Ecological vanishing act: African rainforests disappeared, then bounced back

rain

Three thousand years ago, dense old-growth rainforests covered most of central Africa. But around 2,600 years ago, an event that ecologists call the Late Holocene Rainforest Crisis occurred, and the forests suddenly gave way to savannas dotted with islands of trees. Six hundred years later, the forests grew back almost as swiftly as they had vanished. But for the last 20 years, paleoecologists have debated what caused the Rainforest Crisis.

The currently accepted version among paleoecologists is that warming sea-surface temperatures in the Gulf of Guinea caused a shift in the region’s monsoon cycle, leading to a longer, drier dry season, so people migrated south to farm millet on the open grasslands. But University of Potsdam paleoecologist Yannick Garcin and his colleagues, who just published a new study on the Rainforest Crisis, argue that it happened the other way around: people moved south into the rainforest and cleared land to plant millet. And when their population crashed 600 years later, the rainforest rebounded.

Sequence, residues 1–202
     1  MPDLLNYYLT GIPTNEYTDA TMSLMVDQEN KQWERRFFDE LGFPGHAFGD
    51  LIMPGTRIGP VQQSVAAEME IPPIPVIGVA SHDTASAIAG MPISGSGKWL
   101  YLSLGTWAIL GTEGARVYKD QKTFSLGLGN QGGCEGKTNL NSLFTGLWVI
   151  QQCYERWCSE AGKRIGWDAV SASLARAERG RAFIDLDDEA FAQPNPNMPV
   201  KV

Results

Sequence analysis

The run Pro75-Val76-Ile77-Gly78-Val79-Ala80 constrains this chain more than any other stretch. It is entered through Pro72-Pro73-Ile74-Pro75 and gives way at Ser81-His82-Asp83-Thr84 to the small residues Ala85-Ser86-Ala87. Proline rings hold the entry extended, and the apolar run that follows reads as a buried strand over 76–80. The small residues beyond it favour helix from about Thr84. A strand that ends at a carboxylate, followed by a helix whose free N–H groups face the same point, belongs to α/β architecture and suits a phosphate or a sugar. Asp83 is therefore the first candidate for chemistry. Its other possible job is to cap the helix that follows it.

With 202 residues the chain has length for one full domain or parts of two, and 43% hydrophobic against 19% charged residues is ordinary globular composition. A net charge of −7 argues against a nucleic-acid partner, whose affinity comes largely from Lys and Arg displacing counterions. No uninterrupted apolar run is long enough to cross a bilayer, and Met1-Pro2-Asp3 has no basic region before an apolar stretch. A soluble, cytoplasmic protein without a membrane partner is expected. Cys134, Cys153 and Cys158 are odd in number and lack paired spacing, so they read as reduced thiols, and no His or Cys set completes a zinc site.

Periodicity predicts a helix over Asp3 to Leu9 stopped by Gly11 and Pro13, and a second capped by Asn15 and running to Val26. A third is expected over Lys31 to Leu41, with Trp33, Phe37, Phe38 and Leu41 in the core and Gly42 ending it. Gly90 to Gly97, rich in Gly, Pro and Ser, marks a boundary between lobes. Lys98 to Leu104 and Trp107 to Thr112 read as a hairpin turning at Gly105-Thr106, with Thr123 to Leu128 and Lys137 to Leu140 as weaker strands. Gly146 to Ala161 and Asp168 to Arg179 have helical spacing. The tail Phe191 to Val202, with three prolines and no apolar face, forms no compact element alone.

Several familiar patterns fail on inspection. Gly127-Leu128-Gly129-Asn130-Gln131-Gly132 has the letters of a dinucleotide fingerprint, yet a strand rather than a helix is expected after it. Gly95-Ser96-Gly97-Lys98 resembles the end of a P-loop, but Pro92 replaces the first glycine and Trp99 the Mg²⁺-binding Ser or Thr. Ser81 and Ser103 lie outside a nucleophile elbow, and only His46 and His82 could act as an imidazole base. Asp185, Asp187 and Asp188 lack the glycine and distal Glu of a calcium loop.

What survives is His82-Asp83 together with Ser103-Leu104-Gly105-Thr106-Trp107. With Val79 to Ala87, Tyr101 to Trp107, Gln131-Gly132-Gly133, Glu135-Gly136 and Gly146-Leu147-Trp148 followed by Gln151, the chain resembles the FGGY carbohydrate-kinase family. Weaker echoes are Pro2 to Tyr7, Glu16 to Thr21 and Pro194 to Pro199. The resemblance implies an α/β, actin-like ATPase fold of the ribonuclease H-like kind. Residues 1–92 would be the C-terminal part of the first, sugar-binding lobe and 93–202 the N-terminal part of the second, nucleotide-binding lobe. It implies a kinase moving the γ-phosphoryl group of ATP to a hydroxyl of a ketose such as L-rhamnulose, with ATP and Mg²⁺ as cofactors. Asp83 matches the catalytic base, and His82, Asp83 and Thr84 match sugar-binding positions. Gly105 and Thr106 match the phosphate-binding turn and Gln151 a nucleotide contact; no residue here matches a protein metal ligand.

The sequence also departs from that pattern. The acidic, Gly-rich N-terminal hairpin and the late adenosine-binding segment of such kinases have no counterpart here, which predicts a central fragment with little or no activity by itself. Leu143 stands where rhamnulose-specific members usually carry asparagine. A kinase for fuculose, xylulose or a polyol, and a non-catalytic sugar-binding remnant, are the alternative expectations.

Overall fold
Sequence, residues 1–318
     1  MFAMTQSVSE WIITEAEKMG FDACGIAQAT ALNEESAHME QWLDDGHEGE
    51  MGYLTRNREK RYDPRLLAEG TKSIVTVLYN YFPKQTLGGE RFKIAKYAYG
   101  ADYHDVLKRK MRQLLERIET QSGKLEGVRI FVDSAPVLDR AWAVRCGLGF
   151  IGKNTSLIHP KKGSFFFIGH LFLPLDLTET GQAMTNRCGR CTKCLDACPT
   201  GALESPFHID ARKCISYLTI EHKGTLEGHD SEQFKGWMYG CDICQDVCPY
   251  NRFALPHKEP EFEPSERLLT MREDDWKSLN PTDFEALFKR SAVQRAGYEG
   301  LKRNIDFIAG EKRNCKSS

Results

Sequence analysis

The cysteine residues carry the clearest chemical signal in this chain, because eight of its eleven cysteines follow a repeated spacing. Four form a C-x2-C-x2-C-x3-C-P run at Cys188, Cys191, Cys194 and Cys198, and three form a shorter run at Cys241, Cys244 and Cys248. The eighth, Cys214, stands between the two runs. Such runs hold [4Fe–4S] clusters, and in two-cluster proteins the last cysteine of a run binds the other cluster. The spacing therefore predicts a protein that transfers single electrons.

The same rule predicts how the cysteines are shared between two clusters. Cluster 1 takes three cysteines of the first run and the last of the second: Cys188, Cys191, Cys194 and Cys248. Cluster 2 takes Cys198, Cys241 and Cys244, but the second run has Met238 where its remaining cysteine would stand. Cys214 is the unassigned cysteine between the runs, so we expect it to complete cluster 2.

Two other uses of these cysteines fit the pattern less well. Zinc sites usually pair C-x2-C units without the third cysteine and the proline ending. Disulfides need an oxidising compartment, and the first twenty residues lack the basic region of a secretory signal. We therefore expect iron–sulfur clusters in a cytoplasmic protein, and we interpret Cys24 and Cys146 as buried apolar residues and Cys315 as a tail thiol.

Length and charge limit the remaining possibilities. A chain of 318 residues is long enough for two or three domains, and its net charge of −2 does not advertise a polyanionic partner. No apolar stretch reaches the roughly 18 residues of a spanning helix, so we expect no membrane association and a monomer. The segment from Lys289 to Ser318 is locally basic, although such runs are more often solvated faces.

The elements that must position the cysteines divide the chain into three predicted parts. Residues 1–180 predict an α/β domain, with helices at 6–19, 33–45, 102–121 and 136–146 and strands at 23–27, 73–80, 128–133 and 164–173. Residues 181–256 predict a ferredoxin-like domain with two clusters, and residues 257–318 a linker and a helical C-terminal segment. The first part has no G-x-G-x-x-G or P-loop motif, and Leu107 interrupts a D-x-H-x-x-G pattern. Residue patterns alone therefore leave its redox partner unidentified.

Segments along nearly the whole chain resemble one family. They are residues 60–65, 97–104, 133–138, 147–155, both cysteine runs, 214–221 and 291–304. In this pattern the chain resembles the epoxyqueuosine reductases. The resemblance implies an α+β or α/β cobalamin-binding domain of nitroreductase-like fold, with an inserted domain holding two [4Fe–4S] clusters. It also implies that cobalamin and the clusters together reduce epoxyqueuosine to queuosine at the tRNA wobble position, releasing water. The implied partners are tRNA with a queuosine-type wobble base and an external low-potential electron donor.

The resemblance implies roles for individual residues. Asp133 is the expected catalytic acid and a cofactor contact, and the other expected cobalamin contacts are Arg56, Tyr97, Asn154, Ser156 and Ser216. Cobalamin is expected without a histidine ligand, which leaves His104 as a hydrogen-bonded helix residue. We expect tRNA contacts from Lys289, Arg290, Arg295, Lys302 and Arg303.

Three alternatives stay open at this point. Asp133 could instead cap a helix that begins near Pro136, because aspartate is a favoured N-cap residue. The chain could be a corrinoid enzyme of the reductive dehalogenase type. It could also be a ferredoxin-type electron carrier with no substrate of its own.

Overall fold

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One thing scientists on all sides agree on is that it’s important to understand the cause of past events like this, because reconstructing past climate events can help predict how humans, climate, and vulnerable ecosystems might interact in the future. And in some ways, the Rainforest Crisis is an encouraging story, because it means the rainforest can bounce back from deforestation.

Read full, original post: African rainforests vanished for 600 years, then bounced back—why?

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